Thomas Sowell

Those of us who admit that we were not there, and do not know what happened when Michael Brown was shot by a policeman in Ferguson, Missouri, seem to be in the minority.

We all know what has happened since then -- and it has been a complete disgrace by politicians, the media and mobs of rioters and looters. Despite all the people who act as if they know exactly what happened, nevertheless when the full facts come out, that can change everything.

This is why we have courts of law, instead of relying on the media or mobs. But politics is undermining law.

On the eve of a grand jury being convened to go through the facts and decide whether there should be a prosecution of the policeman in this case, Governor Jay Nixon of Missouri has gone on television to say that there should be a "vigorous prosecution."

There was a time when elected officials avoided commenting on pending legal processes, so as not to bias those processes. But Governor Nixon apparently has no fear of poisoning the jury pool.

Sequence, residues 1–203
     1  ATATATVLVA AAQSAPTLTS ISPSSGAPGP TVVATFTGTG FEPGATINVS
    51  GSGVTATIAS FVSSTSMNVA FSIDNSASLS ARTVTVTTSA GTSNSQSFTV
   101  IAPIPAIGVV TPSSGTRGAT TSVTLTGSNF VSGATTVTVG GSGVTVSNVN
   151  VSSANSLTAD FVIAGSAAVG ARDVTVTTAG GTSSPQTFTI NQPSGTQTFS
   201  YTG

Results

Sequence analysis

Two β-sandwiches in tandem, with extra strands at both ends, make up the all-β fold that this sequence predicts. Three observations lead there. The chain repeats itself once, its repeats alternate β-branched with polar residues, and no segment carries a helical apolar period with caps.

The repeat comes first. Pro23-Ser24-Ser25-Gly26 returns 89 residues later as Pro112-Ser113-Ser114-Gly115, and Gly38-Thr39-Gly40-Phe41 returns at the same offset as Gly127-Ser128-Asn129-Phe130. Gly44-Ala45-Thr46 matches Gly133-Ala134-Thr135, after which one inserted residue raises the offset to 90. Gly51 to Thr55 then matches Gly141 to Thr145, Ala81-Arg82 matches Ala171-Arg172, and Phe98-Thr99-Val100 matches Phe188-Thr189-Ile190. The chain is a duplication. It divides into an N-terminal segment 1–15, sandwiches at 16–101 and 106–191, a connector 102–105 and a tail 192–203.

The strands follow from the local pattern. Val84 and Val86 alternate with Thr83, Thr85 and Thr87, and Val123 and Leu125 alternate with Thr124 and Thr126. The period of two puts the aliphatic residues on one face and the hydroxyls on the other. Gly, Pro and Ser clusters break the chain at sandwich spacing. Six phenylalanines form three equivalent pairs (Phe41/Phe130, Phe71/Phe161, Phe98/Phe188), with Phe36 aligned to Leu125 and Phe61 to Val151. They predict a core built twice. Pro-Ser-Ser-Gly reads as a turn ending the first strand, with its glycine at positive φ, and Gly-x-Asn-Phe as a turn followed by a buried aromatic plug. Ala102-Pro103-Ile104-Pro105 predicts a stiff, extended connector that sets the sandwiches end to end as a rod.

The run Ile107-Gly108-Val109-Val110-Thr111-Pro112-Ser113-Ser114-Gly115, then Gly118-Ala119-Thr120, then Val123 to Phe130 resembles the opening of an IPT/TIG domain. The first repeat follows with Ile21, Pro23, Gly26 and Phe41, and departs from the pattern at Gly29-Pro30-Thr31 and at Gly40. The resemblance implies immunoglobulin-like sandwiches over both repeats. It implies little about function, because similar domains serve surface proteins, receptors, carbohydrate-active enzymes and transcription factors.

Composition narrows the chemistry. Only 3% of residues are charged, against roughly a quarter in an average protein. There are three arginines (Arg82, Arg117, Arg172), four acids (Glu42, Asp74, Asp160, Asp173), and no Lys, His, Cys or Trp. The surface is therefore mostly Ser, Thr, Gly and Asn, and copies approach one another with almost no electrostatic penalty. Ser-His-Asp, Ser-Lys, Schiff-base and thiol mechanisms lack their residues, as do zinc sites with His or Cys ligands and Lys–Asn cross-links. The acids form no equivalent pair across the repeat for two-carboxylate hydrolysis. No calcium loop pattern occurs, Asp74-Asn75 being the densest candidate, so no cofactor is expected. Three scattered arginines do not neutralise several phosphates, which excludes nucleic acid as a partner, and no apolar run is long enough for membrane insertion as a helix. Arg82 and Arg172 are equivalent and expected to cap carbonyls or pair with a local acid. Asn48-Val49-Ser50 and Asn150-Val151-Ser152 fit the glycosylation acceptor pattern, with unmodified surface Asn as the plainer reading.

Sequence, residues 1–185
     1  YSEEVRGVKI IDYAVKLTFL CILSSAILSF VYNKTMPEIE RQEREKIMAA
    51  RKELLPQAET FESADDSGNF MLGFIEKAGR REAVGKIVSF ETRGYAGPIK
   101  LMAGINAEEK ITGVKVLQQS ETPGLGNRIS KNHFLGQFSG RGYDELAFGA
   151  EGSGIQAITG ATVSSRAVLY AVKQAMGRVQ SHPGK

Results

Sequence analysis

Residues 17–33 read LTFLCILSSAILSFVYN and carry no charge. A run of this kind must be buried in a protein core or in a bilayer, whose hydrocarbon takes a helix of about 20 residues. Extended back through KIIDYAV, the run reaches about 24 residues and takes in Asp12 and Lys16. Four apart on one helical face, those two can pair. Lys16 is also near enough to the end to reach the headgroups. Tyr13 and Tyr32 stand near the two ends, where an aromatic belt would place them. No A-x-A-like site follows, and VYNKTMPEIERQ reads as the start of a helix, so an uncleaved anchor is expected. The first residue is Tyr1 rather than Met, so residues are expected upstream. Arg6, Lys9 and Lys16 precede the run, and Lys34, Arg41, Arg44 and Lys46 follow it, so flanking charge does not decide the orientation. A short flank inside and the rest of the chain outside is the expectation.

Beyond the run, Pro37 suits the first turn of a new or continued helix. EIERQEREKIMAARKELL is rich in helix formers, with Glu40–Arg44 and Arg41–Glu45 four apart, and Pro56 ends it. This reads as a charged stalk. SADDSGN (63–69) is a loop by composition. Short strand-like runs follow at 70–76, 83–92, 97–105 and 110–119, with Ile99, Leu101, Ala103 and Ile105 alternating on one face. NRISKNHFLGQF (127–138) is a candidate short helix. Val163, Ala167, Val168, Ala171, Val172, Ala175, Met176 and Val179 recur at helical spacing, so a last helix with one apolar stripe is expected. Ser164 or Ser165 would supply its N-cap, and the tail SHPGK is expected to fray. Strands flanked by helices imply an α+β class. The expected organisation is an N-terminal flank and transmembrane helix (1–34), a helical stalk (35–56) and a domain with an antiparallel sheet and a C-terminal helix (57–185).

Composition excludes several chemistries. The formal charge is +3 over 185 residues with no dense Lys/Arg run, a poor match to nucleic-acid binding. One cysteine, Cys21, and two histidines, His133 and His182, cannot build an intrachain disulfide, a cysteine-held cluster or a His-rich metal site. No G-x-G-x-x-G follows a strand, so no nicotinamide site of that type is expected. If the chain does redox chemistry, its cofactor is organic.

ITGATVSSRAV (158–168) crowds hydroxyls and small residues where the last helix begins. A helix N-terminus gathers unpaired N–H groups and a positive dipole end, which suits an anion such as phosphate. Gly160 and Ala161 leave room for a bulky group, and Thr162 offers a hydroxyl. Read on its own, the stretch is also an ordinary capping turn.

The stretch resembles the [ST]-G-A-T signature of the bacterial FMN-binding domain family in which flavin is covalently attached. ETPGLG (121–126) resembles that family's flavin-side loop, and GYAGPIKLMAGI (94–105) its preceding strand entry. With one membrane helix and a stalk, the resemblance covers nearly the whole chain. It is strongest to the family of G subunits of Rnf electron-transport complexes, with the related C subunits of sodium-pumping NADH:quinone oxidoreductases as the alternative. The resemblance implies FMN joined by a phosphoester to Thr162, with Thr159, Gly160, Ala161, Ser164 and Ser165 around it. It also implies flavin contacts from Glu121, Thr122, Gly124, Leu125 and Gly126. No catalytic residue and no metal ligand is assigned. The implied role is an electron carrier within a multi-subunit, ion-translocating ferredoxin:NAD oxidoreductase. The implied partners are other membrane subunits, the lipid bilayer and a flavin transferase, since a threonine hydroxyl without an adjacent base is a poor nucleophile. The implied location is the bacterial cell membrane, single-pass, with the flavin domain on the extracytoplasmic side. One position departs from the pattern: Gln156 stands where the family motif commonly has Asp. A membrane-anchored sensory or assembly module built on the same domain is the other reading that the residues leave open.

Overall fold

The only alternative explanation is that this is exactly what he intends to do. It is a disgrace either way.

Race is the wild card in all this. The idea that you can tell who is innocent and who is guilty by the color of their skin is a notion that was tried out for generations, back in the days of the Jim Crow South. I thought we had finally rejected that kind of legalized lynch law. But apparently it has only been put under new management.

Television people who show the home of the policeman involved, and give his name and address -- knowing that he has already received death threats -- are truly setting a new low. They seem to be trying to make themselves judge, jury and executioner. 

Then there are the inevitable bullet counters asking, "Why did he shoot him six times?" This is the kind of thing people say when they are satisfied with talking points, and see no need to stop and think seriously about a life and death question. If you are not going to be serious about life and death, when will you be serious?

By what principle should someone decide how many shots should be fired? The bullet counters seldom, if ever, ask that question, much less try to answer it.

Since the only justifiable reason for shooting in the first place is self-protection, when should you stop shooting? Obviously when there is no more danger. But there is no magic number of shots that will tell you when you are out of danger.


Thomas Sowell

Thomas Sowell is a senior fellow at the Hoover Institute and author of The Housing Boom and Bust.

Creators Syndicate